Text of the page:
lenten journal: a friend I have yet to meet


    One of the writers who has befriended me through her words is Naomi Shihab Nye. We have never met, though I imagine being in San Antonio sometime and knocking on her door as though we are both used to my doing that and having her answer and inviting me in for tamales and poetry. One of the things I love about her work is the way in which she infuses meaning into words we think we already know. She polishes them softly and then offers back what seemed mundane and pedantic and sparkling and vital. On this night, as my allergies are taking me down, I offer the words of this friend I have never met with hopes that will not always be the case.


    Before you know what kindness really is
    you must lose things,
    feel the future dissolve in a moment
    like salt in a weakened broth.
    What you held in your hand,
    what you counted and carefully saved,
    all this must go so you know
    how desolate the landscape can be
    between the regions of kindness.
    How you ride and ride
    thinking the bus will never stop,
    the passengers eating maize and chicken
    will stare out the window forever.

    Before you learn the tender gravity of kindness,
    you must travel where the Indian in a white poncho
    lies dead by the side of the road.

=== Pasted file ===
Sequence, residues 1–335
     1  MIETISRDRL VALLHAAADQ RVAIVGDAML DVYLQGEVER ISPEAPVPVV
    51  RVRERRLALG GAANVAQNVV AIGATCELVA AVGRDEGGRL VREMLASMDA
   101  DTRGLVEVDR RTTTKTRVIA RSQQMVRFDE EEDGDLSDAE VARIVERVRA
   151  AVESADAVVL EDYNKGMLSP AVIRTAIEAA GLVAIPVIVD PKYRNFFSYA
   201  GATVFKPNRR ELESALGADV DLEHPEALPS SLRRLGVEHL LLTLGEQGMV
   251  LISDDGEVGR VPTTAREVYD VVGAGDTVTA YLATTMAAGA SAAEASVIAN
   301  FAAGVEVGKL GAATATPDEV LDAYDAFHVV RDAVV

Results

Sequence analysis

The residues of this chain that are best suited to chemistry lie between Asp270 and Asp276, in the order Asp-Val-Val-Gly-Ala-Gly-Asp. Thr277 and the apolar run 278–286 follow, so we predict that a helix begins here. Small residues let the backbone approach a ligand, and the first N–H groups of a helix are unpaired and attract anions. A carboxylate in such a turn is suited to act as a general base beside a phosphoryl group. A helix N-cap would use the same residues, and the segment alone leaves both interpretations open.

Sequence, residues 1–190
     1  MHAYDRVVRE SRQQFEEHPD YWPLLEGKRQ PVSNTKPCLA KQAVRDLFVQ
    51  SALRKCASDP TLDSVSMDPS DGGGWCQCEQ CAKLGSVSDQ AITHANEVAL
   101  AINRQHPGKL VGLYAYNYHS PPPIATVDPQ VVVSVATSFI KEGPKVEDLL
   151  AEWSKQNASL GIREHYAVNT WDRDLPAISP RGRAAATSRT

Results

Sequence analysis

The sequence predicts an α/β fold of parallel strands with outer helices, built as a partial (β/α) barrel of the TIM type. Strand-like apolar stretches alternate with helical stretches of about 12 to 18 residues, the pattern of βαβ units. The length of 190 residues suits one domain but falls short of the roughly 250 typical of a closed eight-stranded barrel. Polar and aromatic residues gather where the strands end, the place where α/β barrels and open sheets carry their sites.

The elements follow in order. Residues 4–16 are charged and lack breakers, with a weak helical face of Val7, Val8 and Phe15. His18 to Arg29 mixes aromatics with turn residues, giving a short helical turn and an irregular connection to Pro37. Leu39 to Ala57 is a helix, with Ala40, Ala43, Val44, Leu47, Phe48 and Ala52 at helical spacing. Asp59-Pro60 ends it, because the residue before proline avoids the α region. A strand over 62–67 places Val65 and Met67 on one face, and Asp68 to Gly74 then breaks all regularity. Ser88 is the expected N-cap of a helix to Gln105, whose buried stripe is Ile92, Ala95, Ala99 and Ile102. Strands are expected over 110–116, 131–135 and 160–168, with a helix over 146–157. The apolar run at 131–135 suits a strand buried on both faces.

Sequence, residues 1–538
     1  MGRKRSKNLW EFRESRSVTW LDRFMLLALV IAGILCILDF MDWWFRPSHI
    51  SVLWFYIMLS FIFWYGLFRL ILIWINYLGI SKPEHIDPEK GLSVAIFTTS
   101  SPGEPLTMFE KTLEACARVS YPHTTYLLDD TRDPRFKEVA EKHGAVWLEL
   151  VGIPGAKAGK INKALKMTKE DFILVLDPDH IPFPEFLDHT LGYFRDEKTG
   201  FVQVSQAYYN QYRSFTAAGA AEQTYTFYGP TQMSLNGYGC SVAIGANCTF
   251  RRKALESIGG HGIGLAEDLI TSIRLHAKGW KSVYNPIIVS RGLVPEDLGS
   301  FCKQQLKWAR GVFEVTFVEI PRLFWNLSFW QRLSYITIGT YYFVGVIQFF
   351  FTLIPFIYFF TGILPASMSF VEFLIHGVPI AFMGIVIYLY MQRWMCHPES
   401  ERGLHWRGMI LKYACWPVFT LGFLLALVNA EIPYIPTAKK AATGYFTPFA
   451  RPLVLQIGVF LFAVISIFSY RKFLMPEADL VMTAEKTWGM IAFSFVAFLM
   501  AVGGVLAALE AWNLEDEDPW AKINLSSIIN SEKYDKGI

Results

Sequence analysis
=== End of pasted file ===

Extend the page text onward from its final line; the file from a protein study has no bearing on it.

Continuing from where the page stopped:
You must see how this could be you,
    how he too was someone
    who journeyed through the night with plans
    and the simple breath that kept him alive.

    Before you know kindness as the deepest thing inside,
    you must know sorrow as the other deepest thing.
    You must wake up with sorrow.
    You must speak to it till your voice
    catches the thread of all sorrows
    and you see the size of the cloth.

    Then it is only kindness that makes sense anymore,
    only kindness that ties your shoes
    and sends you out into the day to mail letters and
    purchase bread,
    only kindness that raises its head
    from the crowd of the world to say
    it is I you have been looking for,
    and then goes with you every where
    like a shadow or a friend.

    Valentine for Ernest Mann

    You can’t order a poem like you order a taco.
    Walk up to the counter, say, “I’ll take two”
    and expect it to be handed back to you
    on a shiny plate.

    Still, I like your spirit.
    Anyone who says, “Here’s my address,
    write me a poem,” deserves something in reply.
    So I’ll tell you a secret instead:
    poems hide. In the bottoms of our shoes,
    they are sleeping. They are the shadows
    drifting across our ceilings the moment
    before we wake up. What we have to do
    is live in a way that lets us find them.

    Once I knew a man who gave his wife
    two skunks for a valentine.
    He couldn’t understand why she was crying.
    “I thought they had such beautiful eyes.”
    And he was serious. He was a serious man
    who lived in a serious way. Nothing was ugly
    just because the world said so. He really
    liked those skunks. So, he re-invented them
    as valentines and they became beautiful.
    At least, to him. And the poems that had been hiding
    in the eyes of skunks for centuries
    crawled out and curled up at his feet.

    Maybe if we re-invent whatever our lives give us
    we find poems. Check your garage, the odd sock
    in your drawer, the person you almost like, but not quite.
    And let me know.

    Thanks, Naomi.


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